2. The decomposition of rubbish and animal faeces produce methane gas and alcohol. 3. Solar cells can convert light energy to electrical energy. 4. Photovoltaic cells are the quickest and cheapest method of supplying electrical energy to remote households. 5. Wind energy , wave energy and geothermal energy can also be used to rotate turbines connected to generator
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8.2

TRANSFORMERS

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Transformers
1. Transformers are used to change the voltage of alternating current. 2. A basic transformer consists of two sets of insulated coil windings on opposite sides of a soft coil. a. The core is constructed of many layers of thin iron called laminations.

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b. The primary coil is the wire coil that connected to the input voltage. c. The secondary coil is the wire coil that connected to the electrical load

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3. When alternating current flows through the primary coil, a continually changing magnetic • field is created and thus induce a flow of current in the secondary coil. 4. The output voltage produced in the secondary coil depends on a. the input voltage b. The number of turns of the primary coil and secondary coil.
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Step-up transformers
a. A step -up transformer has more turns in the secondary coil than in the primary coil. b. The secondary voltage will be higher than the the primary voltage.

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Step-down transformers
a. A step-down transformer has more turns in primary coil than in the secondary coil. b. The secondary voltage will be lower than the primary voltage.

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B. Role of Transformers in the Transmission and Distribution of Electrical Energy 1. Transformers are very important in the transmission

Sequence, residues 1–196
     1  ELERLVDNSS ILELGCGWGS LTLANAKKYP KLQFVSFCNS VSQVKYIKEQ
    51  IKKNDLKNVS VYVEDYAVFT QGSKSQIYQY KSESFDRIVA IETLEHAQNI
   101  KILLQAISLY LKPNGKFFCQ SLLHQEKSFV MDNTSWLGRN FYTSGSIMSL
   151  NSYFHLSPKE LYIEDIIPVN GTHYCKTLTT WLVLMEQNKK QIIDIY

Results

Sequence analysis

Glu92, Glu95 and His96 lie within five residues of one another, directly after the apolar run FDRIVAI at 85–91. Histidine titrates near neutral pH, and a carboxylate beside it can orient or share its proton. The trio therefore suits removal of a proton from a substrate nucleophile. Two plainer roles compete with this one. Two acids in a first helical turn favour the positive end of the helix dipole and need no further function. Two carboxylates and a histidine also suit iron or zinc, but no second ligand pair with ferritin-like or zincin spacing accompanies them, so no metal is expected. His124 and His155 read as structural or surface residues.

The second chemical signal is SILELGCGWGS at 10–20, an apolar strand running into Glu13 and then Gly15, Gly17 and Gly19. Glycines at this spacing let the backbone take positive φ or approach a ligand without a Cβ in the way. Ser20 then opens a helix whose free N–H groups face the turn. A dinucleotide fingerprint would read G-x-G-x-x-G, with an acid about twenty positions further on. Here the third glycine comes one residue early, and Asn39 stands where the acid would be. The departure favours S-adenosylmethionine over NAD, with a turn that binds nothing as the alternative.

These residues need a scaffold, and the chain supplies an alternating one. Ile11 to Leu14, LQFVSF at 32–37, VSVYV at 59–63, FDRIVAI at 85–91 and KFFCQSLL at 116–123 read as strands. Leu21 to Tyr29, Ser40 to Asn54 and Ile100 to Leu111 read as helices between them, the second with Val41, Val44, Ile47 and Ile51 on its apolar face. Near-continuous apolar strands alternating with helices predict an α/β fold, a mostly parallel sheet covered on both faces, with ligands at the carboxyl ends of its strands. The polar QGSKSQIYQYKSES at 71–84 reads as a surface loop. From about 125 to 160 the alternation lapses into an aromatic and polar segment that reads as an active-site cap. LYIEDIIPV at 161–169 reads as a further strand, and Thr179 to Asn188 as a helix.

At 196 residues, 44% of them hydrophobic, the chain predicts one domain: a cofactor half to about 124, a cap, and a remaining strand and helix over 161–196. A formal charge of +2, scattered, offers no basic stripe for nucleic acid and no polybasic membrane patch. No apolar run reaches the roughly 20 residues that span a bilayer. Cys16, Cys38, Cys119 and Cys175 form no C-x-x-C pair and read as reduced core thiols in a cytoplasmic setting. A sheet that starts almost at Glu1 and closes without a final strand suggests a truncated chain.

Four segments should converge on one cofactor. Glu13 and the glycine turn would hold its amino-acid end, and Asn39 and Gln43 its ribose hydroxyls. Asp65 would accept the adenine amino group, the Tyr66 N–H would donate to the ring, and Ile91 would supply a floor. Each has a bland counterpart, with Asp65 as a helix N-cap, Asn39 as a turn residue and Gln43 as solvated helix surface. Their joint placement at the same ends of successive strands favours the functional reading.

and distribution of electrical energy. 2. A step-up transformer located near the power station to increase the voltage of the electrical energy generated before it is transmitted through the cables.

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3. A step-down transformer in the substations decreases the suitable voltage before the electrical energy is distributed to various sector.

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8.3

ELECTRICAL POWER TRANSMISSION AND DISTRIBUTION SYSTEM
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Electrical power transmission and distribution system
1. Consists of: a. Transformer station b. Branch substation c. National Grid Network d. Main substation e. Switch zone

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2. The power stations usually generate electrical energy at a voltage of 11 kV. 3. The voltage is then stepped up to values as high as 132 kV, 275 kV and 500 kV by step up transformers. 4. The electrical energy at this high voltage with low current in order to reduce the power loss during the transmission over a long distance.

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5. The electrical energy at a high voltage is channelled to the National Grid Network through the switch zone. 6. The electrical energy is distributed from the National Grid Network to a series of substations.